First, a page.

Forum for Science, Industry and Business

Sponsored by:     3M 
Search our Site:

 

Expanding forests darken the outlook for butterflies

19.07.2005


Changing environmental conditions in the Canadian Rockies are stifling the mating choices of butterflies in the region, say University of Alberta researchers.

Smaller and less abundant alpine meadows--largely the result of human activities--are diminishing the alpine butterfly gene pool, creating a pattern that could lead to the butterflies being less able to survive, said Dr. Jens Roland, a biological scientist at the University of Alberta and an author of a paper on the subject that has been published recently in Molecular Ecology.

Working with colleagues in the U of A Department of Biological Sciences, Roland and doctoral student Nusha Keyghobadi used samples of butterfly dispersal and genetic variability taken from the Kananaskis region in Alberta to show a correlation between less genetic diversity and smaller meadows.



According to Roland, the altitude of the tree line in the Canadian Rockies is rising--likely due to global warming--and, outside of national parks, forest fires are usually suppressed. These factors are combining to create larger forests and smaller alpine meadows. This is bad news for butterflies in the Rockies, such as the Parnasissus, which Roland studies, because they require two things that they can easily find in meadows: sunlight and stone crop.

Butterflies need sunlight to elevate their body temperatures in order to fly, and forests are generally too shady for them to travel through with quickness and ease. Parnasissus also need stone crop, a plant that grows in meadows and is the only suitable host for alpine butterfly larvae.

Therefore, alpine butterflies do not generally travel beyond the meadows they are born in, and the shrinking meadows could lead to inbreeding and the decreased diversity in the gene pool, Roland said.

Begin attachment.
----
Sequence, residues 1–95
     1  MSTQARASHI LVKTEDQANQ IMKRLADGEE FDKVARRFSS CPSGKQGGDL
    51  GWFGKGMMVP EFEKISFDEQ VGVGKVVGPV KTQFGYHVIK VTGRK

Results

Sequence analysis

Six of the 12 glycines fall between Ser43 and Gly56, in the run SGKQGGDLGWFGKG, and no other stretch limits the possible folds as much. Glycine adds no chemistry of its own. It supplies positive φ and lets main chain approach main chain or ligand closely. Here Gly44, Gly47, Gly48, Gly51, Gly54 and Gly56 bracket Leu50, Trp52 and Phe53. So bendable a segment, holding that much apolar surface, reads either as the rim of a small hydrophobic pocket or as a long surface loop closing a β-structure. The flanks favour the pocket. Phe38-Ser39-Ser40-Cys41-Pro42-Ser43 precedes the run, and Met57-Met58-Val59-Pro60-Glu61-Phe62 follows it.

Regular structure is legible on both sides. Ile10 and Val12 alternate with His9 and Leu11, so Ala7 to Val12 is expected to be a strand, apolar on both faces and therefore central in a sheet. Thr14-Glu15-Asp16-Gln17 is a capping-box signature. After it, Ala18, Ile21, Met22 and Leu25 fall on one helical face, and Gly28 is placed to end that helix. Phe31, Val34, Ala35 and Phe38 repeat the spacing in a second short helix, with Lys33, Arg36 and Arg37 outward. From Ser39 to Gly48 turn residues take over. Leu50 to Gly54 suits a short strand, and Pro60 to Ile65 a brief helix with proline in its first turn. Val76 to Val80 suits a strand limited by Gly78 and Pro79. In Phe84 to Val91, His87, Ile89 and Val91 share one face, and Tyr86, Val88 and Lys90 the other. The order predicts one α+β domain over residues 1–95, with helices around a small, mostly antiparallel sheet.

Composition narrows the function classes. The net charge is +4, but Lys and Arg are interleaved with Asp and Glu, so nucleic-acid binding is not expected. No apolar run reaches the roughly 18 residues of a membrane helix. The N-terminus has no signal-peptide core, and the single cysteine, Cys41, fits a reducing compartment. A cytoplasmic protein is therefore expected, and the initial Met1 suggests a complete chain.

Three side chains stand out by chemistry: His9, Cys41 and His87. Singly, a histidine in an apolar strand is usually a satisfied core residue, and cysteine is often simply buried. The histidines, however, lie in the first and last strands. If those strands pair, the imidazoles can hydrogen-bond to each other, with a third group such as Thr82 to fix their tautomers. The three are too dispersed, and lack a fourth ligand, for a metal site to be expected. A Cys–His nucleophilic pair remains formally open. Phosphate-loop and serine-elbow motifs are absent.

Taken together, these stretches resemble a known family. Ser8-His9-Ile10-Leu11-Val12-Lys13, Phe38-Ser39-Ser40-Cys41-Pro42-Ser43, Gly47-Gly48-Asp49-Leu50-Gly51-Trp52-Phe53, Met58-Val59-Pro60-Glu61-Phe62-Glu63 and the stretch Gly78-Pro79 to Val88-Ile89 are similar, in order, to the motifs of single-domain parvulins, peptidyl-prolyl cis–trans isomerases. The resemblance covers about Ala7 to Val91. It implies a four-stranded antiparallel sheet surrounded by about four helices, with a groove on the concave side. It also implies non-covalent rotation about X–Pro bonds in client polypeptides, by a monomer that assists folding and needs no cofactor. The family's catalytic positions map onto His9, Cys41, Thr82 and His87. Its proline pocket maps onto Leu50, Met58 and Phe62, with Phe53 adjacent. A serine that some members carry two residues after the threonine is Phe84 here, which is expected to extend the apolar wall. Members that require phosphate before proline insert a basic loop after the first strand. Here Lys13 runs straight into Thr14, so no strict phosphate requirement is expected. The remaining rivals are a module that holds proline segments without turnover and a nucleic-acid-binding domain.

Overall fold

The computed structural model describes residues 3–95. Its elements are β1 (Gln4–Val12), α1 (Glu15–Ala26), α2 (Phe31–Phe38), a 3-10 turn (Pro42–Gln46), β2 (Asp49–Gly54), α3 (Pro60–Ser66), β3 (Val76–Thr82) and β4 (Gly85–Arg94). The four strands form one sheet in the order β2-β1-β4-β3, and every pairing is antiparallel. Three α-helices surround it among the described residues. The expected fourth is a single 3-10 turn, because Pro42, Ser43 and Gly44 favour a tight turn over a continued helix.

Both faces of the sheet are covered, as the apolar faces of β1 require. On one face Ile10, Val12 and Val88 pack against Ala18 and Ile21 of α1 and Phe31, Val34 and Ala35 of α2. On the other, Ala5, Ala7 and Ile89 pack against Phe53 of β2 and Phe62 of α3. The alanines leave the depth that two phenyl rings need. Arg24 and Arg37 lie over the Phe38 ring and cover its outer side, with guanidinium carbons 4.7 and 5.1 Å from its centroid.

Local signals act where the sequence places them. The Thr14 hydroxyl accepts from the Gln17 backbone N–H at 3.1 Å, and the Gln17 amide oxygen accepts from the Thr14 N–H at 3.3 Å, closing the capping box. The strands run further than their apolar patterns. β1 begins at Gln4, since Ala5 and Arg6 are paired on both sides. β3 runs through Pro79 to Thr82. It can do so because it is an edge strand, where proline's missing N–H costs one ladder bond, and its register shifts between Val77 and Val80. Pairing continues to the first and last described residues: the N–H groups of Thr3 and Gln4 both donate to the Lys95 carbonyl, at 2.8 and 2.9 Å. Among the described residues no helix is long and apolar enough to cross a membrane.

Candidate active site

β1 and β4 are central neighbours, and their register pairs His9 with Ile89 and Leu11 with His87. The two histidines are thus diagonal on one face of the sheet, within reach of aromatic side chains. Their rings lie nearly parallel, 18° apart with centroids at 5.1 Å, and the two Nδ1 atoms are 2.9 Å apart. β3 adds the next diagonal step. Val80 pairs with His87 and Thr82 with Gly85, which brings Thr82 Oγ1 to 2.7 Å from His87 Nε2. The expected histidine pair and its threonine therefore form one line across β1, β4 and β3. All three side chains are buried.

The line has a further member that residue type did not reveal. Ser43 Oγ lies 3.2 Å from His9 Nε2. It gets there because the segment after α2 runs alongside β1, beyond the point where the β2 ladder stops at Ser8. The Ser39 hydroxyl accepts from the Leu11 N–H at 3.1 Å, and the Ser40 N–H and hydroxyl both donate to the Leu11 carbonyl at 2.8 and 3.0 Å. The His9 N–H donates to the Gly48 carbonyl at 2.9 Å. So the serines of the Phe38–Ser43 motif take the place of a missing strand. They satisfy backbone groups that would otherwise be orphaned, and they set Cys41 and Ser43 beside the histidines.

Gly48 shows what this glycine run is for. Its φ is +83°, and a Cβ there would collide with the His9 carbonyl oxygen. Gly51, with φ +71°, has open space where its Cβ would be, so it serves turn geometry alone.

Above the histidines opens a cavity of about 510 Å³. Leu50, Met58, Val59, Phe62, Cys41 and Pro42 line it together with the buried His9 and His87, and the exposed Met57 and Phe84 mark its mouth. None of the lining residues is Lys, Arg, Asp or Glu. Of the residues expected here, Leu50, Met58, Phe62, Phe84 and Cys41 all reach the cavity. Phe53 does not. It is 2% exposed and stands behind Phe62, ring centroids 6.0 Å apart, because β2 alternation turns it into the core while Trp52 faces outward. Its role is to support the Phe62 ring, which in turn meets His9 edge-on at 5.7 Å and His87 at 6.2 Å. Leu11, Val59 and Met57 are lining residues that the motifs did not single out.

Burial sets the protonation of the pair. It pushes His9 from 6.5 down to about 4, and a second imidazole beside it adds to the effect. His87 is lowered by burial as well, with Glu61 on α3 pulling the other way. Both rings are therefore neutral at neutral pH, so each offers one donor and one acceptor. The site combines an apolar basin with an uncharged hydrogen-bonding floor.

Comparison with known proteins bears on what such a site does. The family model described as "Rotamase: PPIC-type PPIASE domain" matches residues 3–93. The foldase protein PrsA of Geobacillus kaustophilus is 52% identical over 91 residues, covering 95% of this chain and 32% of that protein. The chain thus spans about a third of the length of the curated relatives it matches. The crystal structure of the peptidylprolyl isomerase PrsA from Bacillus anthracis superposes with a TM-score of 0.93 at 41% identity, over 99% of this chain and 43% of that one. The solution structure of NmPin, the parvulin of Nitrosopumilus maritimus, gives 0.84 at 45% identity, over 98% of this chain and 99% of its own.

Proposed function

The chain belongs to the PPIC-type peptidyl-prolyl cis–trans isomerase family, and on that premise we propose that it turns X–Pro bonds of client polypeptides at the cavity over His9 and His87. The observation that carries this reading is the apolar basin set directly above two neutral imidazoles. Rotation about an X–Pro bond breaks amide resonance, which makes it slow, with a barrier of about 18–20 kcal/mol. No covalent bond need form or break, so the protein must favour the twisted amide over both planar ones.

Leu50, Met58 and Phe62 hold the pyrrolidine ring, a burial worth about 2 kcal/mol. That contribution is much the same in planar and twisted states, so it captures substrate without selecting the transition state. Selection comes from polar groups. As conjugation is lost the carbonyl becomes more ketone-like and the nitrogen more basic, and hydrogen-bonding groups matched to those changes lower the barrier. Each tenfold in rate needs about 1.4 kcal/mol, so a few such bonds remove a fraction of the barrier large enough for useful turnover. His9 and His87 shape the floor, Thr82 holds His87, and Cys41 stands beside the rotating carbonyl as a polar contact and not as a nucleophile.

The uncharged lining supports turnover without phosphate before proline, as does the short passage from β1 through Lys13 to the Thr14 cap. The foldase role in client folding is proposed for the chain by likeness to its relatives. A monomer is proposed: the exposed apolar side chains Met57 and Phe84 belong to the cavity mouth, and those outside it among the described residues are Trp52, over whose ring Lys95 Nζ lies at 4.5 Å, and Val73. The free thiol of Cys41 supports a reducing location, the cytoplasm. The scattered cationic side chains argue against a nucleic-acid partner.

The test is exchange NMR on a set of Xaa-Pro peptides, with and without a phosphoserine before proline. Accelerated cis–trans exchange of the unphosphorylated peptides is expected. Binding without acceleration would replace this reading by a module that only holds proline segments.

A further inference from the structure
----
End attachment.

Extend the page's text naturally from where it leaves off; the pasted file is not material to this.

"In general, inbreeding leads a species to be more vulnerable to a variety of mortality factors that lower survival rates," Roland explained. "This has been demonstrated for other species of butterflies."

Only a few species of butterflies are threatened in the Canadian Rockies, but many more are threatened in Europe, where the problem of shrinking alpine meadows is older and more acute. Roland believes the results of his study can inform conservation biologists in Europe to help them save their butterflies.

As for protecting the butterflies in the Canadian Rockies, Roland would like to see more prescribed burning of forests to increase the number and size of alpine meadows. However, unlike the park areas, the unprotected land areas are often used for commercial purposes and are therefore less likely to be allowed to burn.

"They do prescribed burning in the national parks for general maintenance, but they also do it to increase the meadow areas, which animals such as sheep and elk like to inhabit. The offshoot is that it also helps smaller animals, such as the butterflies," Roland said.

Ryan Smith | EurekAlert!
Further information:
http://www.ualberta.ca
http://www.biology.ualberta.ca/faculty/jens_roland/

More articles from Ecology, The Environment and Conservation:

nachricht Dispersal of Fish Eggs by Water Birds – Just a Myth?
19.02.2018 | Universität Basel

nachricht Removing fossil fuel subsidies will not reduce CO2 emissions as much as hoped